Two years passed before serious efforts were made to draft the agreement. In the Spring of 2008, when Fran began working in earnest to document the deal, the Bank was represented by outside counsel Manatt, Phelps & Phillips (Manatt). Manatt attorney William Quicksilver referred Fran to Jonathan Joseph, a transactional attorney in San Francisco with experience in the financial services industry. Joseph first met with Fran in April 2008 and began representing Fran as his personal counsel at that time.
The process of drafting the agreement was informal and cordial. Manatt attorneys David Herbst and Craig Miller informally discussed with Joseph the legal issues related to the drafting of the agreement. At times, Joseph asked the Manatt attorneys to supply the legal research and analysis. When Miller was not sure whether his assignment was to draft the entire employment agreement or just the equity portion, rather than ask his client, Miller asked opposing counsel Joseph what his understanding was.
Fran was never told to work on drafting the agreement on his own time or outside of the Bank's premises.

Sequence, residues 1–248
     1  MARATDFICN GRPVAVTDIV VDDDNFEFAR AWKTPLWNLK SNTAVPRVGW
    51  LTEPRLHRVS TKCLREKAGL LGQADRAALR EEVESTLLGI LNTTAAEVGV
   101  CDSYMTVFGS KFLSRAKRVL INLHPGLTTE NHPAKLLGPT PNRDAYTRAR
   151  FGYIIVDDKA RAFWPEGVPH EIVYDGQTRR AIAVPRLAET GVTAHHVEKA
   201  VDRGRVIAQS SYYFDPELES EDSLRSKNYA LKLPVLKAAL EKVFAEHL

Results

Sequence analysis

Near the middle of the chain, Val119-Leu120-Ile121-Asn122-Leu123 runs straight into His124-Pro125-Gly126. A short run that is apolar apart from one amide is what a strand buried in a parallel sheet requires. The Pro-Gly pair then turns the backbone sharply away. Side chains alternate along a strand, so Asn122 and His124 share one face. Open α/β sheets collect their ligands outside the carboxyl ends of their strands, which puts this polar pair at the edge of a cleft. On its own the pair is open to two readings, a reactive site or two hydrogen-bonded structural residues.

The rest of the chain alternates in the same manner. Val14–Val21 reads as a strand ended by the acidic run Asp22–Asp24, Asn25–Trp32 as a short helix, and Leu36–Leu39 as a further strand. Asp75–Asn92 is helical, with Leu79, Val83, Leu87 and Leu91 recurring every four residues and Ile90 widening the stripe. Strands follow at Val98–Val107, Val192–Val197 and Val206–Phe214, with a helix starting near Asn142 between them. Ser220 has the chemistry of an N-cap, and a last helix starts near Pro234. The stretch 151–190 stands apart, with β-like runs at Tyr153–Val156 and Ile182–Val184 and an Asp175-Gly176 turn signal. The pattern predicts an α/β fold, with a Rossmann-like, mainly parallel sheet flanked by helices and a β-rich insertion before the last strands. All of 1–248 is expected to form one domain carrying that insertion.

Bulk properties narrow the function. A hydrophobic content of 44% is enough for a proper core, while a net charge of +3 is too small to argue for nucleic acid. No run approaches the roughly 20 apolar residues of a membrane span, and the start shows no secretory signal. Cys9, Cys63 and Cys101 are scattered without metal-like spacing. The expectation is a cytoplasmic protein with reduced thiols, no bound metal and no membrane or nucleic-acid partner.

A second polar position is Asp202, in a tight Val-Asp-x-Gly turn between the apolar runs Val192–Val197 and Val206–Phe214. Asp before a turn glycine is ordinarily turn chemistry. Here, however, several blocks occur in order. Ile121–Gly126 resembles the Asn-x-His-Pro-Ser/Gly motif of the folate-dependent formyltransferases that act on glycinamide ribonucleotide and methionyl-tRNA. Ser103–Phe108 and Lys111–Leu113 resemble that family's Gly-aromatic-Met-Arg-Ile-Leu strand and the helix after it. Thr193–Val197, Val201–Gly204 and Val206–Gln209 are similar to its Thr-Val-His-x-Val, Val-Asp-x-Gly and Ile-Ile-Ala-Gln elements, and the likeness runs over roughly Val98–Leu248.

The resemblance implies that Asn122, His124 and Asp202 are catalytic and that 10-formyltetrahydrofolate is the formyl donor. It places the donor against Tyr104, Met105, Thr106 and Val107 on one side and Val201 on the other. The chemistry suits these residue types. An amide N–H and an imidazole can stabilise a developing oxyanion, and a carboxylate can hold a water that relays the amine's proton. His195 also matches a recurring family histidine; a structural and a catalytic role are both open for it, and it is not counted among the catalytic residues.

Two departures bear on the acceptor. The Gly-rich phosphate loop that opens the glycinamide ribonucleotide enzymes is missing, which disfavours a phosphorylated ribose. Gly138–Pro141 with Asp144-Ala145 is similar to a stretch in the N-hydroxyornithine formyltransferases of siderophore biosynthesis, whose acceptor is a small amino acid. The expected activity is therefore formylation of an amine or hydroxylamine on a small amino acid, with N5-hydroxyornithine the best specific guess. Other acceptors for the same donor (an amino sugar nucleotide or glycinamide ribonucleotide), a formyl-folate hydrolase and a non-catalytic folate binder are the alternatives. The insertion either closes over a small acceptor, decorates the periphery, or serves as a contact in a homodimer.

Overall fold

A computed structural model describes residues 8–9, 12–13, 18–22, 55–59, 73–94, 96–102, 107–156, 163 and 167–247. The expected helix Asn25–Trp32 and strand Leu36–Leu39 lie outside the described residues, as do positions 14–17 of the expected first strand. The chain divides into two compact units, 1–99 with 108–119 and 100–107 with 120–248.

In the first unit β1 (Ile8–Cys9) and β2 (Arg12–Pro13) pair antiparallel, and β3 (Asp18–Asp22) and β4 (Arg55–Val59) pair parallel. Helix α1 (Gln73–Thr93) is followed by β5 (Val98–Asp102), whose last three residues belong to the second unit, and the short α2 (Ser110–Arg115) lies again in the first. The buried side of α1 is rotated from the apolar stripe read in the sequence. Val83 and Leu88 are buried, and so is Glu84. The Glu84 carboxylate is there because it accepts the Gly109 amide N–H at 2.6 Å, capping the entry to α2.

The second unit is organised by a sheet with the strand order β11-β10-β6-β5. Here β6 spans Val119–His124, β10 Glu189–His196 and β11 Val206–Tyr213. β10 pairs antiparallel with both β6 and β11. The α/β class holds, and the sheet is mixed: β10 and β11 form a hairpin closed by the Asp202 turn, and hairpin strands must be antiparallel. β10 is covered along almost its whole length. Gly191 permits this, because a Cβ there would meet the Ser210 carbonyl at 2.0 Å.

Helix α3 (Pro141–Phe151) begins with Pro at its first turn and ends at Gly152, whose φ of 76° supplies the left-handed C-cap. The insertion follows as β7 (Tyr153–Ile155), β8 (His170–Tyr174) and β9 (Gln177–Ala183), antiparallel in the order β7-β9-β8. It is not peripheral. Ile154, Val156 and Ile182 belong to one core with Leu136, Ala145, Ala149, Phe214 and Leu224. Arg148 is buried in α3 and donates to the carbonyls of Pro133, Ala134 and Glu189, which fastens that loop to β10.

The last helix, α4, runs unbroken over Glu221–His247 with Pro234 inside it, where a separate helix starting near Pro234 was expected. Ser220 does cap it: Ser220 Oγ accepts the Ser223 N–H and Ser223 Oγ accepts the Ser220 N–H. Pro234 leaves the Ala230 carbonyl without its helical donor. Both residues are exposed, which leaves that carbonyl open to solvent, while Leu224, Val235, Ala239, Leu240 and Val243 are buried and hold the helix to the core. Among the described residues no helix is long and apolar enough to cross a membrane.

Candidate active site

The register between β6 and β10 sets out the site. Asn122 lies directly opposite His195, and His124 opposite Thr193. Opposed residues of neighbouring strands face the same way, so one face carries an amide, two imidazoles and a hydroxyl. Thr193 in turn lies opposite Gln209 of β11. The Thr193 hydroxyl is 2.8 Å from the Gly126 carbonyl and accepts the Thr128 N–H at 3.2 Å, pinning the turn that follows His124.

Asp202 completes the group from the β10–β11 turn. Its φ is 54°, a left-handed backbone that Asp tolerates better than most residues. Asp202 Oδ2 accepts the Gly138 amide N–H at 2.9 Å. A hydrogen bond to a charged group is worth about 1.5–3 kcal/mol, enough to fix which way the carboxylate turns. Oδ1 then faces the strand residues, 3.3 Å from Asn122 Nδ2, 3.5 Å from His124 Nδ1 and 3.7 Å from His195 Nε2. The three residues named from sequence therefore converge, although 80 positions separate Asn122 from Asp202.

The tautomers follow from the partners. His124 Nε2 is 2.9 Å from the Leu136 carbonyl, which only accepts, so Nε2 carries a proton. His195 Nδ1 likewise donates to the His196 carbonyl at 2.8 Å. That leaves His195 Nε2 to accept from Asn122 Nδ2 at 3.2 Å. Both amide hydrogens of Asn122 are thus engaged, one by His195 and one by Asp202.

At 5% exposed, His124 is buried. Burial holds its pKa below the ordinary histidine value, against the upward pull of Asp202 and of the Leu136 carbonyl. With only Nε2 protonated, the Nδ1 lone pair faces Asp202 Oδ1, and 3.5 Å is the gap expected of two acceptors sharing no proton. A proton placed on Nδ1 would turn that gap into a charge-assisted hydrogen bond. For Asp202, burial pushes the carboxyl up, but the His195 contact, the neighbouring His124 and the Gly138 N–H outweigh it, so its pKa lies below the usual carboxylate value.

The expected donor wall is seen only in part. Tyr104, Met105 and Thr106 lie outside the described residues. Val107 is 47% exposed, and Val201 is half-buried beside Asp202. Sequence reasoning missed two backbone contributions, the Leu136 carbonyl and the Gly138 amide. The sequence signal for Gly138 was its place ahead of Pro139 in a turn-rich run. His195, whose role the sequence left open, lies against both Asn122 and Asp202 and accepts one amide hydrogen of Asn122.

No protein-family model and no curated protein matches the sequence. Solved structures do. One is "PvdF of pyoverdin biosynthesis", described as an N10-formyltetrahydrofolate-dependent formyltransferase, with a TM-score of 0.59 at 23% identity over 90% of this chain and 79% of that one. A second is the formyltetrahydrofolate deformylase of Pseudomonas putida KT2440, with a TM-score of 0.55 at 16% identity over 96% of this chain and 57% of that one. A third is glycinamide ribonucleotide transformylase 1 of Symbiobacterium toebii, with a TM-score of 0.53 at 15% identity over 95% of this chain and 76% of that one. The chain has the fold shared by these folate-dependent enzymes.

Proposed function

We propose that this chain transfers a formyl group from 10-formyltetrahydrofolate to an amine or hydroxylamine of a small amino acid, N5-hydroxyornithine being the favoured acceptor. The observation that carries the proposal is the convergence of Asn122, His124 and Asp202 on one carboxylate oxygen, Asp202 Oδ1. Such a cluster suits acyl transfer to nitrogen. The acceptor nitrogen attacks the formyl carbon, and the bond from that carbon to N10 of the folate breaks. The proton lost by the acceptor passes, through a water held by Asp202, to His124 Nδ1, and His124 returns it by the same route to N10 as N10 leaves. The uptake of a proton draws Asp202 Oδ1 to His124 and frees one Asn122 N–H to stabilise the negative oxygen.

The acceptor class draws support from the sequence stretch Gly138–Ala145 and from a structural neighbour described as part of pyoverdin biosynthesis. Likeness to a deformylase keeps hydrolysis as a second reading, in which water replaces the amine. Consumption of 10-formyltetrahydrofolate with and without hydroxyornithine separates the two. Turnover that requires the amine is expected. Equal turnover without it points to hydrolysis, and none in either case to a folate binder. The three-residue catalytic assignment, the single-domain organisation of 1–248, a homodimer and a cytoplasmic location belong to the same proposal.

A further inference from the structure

Efforts to document the agreement in 2008 included Joseph's transmission of a draft agreement to Manatt on July 1, 2008, that rejected earlier material terms and proposed entirely new terms, and Manatt's forwarding of several portions of a draft agreement to Malone on July 3, 2008. Despite these efforts, no final agreement was ever drafted. Fran died of cancer in early September 2008.
In November 2008, the Bank paid Mimi approximately $240,000 representing a pro rata portion of Fran's 2008 annual bonus. The operative complaint, the first amended complaint (FAC), alleged the Bank refused to award certain equity compensation to Fran's estate as agreed.
Within days after Fran's death, Johnson had Wendy Welch-Keller, Fran's secretary/assistant, searched Fran's computer for documents.